Early taste of zero-emissions crossover hatchback suggests it has battery range to back up its price.
The Hyundai Kona Electric is perhaps most simply described as the other battery-powered compact crossover SUV due to be arriving in UK showrooms in 2018.
Given the coverage generated already by the Jaguar I-Pace even before the car has been properly launched to the press, Hyundai might do well to grab more than a moment of limelight for the Kona Electric — a car that, while far from ordinary-looking, hasn’t got the razzmatazz of Jaguar’s design, the sheen of its premium brand, or quite that car’s performance appeal.
But, as a drive in a prototype on German roads has just revealed, the Kona Electric may well have more of what really matters to EV drivers than what Hyundai and Kia has delivered with their electric efforts thus far, or that its direct rivals offer: battery range.
The exact positioning of Hyundai’s second all-electric passenger car to market, after the Ioniq, is still to be confirmed ahead of a UK showrooms arrival later this summer. What’s already clear, however, is that the Kona Electric won’t be priced like too many other compact crossover hatchbacks; company sources suggest they’re working hard to make the top-of-the-line version between £35,000 and £37,000 (before any purchase incentive).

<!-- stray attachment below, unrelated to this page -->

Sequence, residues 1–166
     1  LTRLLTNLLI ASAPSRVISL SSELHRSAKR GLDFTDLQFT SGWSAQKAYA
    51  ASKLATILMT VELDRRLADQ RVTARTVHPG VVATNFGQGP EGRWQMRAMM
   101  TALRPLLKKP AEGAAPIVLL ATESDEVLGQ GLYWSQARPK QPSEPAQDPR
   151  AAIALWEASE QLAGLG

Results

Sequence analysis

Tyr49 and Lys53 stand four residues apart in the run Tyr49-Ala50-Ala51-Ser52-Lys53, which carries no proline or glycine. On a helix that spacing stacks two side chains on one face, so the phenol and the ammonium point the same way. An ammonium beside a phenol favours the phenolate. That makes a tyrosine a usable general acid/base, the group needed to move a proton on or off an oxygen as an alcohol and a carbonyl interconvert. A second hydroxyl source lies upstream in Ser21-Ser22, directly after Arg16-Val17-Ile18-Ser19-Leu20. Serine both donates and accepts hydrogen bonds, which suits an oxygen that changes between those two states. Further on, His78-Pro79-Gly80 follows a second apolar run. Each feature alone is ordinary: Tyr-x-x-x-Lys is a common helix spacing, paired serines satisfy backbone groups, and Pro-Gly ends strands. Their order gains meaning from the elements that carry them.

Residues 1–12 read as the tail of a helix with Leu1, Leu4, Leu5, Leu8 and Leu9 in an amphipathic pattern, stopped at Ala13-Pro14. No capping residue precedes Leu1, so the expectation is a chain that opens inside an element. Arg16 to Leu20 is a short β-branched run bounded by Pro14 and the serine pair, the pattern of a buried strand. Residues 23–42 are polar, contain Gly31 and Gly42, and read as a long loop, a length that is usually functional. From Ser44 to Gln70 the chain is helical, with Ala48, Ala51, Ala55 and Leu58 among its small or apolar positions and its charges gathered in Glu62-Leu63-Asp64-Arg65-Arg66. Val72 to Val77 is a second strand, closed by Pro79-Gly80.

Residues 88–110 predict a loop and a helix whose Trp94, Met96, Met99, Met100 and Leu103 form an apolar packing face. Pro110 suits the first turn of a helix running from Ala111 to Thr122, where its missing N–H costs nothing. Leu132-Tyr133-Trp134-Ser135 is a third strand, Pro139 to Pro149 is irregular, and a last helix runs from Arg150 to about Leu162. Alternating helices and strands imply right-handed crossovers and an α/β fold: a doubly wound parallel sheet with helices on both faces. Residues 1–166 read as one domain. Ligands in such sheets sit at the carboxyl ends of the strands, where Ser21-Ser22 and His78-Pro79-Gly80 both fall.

So this’ll certainly be an expensive crossover hatchback in flagship trim, at least, and a fairly pricey compact EV to boot. But it’ll also be a relatively powerful one, with a 201bhp electric motor driving the front wheels and a lithium ion battery that, at 64kWh of storage, is a closer match for the battery capacity of a Tesla Model S than that in a Volkswagen e-Golf or Nissan Leaf.
For those who’d prefer it, Hyundai will also offer the car with 134bhp of motive power and 39kWh of power storage, very likely for a starting price well below £30,000 once the Government’s plug-in car grant has been accounted for.
What is the Hyundai Kona Electric prototype like?
Based on a model platform that was designed for electric propulsion from the start, the Kona Electric has a drive motor similar in concept to the one that powers the Ioniq Electric, but a battery that’s different from that of its sibling in one key respect: it’s liquid-cooled. It’s heavy, too — making the Kona Electric’s kerb weight swell to more than 1.6 tonnes in the case of our test car.
But then big batteries tend to be heavy ones and the Kona Electric’s has been rated as being worth exactly 300 miles of cruising range for the car on the Worldwide Harmonised Light Vehicle Test Procedure lab test cycle. That bests the ‘autonomy’ of the latest Leaf and Renault Zoe by around 70% and is also comparable with the brim-to-brim touring range that you might expect of a petrol-powered Kona of similar power and performance. Charging is possible via AC at-home wallbox or by CCS DC 100kW fast charge, the latter needing 54 minutes to give an 80% charge to the battery.
While the Kona Electric is front-wheel drive, unlike other front-driven Konas it uses the more sophisticated independent rear suspension system you’ll find on the more powerful four-wheel-drive versions instead of the torsion beam rear configuration adopted at the cheaper end of the car’s showroom range.
The car has the high standard equipment specification you’d expect of a car at the price (an 8.0in touchscreen infotainment system, digital instruments, a head-up display and a premium audio system), while a redesigned grille and bumpers, as well as bespoke 17in alloy wheels, distinguish the car from its rangemates. Back on the inside, the Kona Electric offers marginally reduced boot space relative to other models, down 29 litres to 332 litres overall.